Monday, October 16
Paul Ford wrote about starting ftrain 20 years ago:
I started this website 20 years ago, give or take a week. The original address was www.interactive.net/~ford. Eventually it migrated here into the form you see. I took it very seriously for many years and it earned me thousands of readers, thousands of emails, and tons of opportunity. It was better at generating opportunity than money. I drifted away for all the regular reasons.
Which got me thinking: The oldest surviving bits of this website go back to April of 1997, so it's 20 years, give or take six months. It lived other places for a while (GeoCities and a shell box with a tilde in the URL) until I actually got a domain for it. p1k3.com was the first domain I ever bought, and I chose it because my middle name is Pike and I like the number 13 and it was four characters long, which even in the early years of this century was getting to be kind of hard to come up with. There was also this running joke with friends from IRC, about whether a pike was a weapon or a fish, and I guess that must have played into my thinking somehow.
p1k3 has clearly not made me into a low-key internet celebrity. I don't know about opportunity, but it has helped me get a couple of good jobs, and probably prevented me from getting several more bad ones. To guess at its current readership, I think that about a dozen humans might see this post sooner or later.
I wrote one possible variation on the post you're reading now back in February — the one where I regret writing so much stupid bullshit. That one doesn't really explain why I've written so much less this year than most, though. This other one where I worry about self-surveillance in an age of weaponized data and network fascists comes a lot closer to the mark.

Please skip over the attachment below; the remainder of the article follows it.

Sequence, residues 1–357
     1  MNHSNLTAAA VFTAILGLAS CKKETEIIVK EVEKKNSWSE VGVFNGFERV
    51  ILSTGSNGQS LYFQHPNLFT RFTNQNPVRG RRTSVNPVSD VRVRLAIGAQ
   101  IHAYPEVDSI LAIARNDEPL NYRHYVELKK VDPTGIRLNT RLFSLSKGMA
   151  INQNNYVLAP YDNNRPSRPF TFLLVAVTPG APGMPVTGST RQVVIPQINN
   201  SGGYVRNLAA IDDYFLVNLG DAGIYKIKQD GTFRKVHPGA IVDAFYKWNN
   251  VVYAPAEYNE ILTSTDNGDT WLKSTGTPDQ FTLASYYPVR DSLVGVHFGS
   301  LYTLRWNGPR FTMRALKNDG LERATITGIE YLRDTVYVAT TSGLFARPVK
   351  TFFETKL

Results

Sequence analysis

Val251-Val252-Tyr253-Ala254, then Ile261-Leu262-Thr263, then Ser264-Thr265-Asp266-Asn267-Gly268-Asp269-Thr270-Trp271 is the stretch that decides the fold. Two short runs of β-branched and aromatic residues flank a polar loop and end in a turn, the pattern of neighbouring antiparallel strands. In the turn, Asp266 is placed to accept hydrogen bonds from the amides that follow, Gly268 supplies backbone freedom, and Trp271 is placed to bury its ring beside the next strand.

In 2017, I've fully given up on some things. A big one is the World Wide Web. The "open web", as such, is dead. Or at best on life support. The actually existing web is, mostly, bad. It's an abject failure in the terms I thought I was involved with it on, and its architecture has helped bootstrap an internet that's hostile to my values, if not ultimately to human life itself.
It's no longer possible to use the web in a way that respects your privacy, autonomy, basic personhood, etc. And for the same reasons, it's incredibly difficult to work on the web for a living in any kind of ethical fashion.
But then: So what?
I think it's broadly true that most of us should treat the network as a hostile environment, and that any information we publish about ourselves will be used against us and our communities by systems we have no control over — systems operating under few legal constraints, answering only to the profit motive, under the authority of complete assholes with no sense of responsibility, proportion, or historical perspective.
It's really tempting, in the face of this conviction, to shut up and just focus on sequestering myself from the network to whatever limited extent that's still possible.
On the other hand. Writing is one of the only real powers I've ever had, and the surface of this terrible website is still mine to write on. The web is dead to me, as a hope or a cause, and the world it's made — the world that so many thousands of us helped to make — is in bad shape and getting worse. But why should I give up my only real canvas, the only place where I have any voice at all?
Possibly (almost certainly) having a voice is itself an illusion, irrelevant to the course of things now. But I guess it's something.